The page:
Pretty simple. The verses tell the story. The chorus repeats a unifying theme, even if the words are different. One of my current favorite songs, Heart of the World by Lady Antebellum, has a chorus that varies each time it’s sung, but manages to include enough of the same words that it’s clearly a chorus. The bridge will usually be half a verse or a couple of lines that might reveal a change in heart on the part of the singer, show some kind of resolution, or just be an indication that the key is about to change. Sometimes, the bridge sort of acts as the climax of the song, and the final chorus repeats would be similar to the denouement.

Rhyming Schemes: The most believable songs include some kind of repetition.  People expect some kind of repetition when they listen to music, whether it’s in the music itself, in the lyrics, or even in just the theme of the song. The most common form of repetition is a rhyming scheme, and there are many, many combinations to choose from! Look at some common songs and identify the rhyming schemes:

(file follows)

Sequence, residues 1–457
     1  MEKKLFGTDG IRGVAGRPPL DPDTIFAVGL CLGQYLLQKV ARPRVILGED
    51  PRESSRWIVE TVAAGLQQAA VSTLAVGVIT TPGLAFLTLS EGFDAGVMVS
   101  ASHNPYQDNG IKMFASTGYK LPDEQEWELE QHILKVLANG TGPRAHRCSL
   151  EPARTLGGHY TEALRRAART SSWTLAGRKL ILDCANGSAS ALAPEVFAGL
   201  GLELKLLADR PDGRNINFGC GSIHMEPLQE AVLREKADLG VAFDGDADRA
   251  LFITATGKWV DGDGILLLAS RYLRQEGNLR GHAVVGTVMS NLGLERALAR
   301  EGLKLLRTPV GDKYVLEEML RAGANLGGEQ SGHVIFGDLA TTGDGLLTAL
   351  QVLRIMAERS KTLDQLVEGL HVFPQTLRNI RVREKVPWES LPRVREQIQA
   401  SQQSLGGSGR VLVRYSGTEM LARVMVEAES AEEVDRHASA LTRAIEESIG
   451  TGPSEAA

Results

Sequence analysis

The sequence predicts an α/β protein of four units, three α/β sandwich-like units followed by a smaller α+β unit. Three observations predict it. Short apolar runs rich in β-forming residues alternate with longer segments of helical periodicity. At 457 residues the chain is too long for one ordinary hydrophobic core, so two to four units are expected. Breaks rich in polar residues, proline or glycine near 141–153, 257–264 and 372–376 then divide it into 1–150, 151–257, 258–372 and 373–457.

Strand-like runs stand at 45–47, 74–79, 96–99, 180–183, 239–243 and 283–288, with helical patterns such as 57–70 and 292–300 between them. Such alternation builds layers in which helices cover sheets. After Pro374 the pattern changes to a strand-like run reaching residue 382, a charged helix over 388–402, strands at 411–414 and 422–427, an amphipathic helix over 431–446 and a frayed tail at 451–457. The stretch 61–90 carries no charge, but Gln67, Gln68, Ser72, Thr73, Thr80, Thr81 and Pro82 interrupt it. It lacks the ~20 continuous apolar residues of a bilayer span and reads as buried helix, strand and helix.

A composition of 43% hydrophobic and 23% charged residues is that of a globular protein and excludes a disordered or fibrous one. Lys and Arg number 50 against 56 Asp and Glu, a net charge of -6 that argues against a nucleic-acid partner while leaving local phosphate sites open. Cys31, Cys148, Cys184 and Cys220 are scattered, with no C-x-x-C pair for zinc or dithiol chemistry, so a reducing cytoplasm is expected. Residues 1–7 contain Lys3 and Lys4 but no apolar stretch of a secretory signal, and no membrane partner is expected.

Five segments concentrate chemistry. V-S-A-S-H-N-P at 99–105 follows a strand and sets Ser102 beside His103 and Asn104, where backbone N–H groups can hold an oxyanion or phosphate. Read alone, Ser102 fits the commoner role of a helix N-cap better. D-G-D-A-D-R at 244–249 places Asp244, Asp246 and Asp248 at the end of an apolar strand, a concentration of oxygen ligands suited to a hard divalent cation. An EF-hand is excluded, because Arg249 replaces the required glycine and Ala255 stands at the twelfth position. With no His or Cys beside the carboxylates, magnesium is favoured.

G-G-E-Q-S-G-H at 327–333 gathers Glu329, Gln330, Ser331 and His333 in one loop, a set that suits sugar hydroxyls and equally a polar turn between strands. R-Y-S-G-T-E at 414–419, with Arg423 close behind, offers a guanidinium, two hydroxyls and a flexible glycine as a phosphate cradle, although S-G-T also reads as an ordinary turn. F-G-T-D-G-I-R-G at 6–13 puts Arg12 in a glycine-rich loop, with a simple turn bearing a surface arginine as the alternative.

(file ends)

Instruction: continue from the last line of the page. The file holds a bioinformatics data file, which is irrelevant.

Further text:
Rhyming scheme: AABB

Her mind is Tiffany-twisted, she got the Mercedes bends (A)
She got a lot of pretty, pretty boys she calls friends (A)
How they dance in the courtyard, sweet summer sweat. (B)
Some dance to remember, some dance to forget (B)

Hotel California, The Eagles, 1977

Rhyme Scheme: ABCCB

You may think that I’m talking foolish (A)
You’ve heard that I’m wild and I’m free (B)
You may wonder how (C)

I can promise you now (C)
This love that I feel for you always will be (B)

Forever and Ever Amen, Randy Travis, 1987

A rhyming scheme helps give structure to a song. The audience comes to expect the repetition of certain sounds, even if they happen infrequently.

Themes: Of course, some of the best songs don’t fit neatly into a rhyming scheme. I Still Haven’t Found What I’m Looking For (1987) by U2, for example, seems to fit a scheme in places, but there are several exceptions. The unifying repetition in that song comes in a few repeated lines: “Only to be with you” and “I still haven’t found what I’m looking for.” If you don’t want to rhyme your verses or choruses, look for theme lines that you can repeat to give your reader the expected repetition.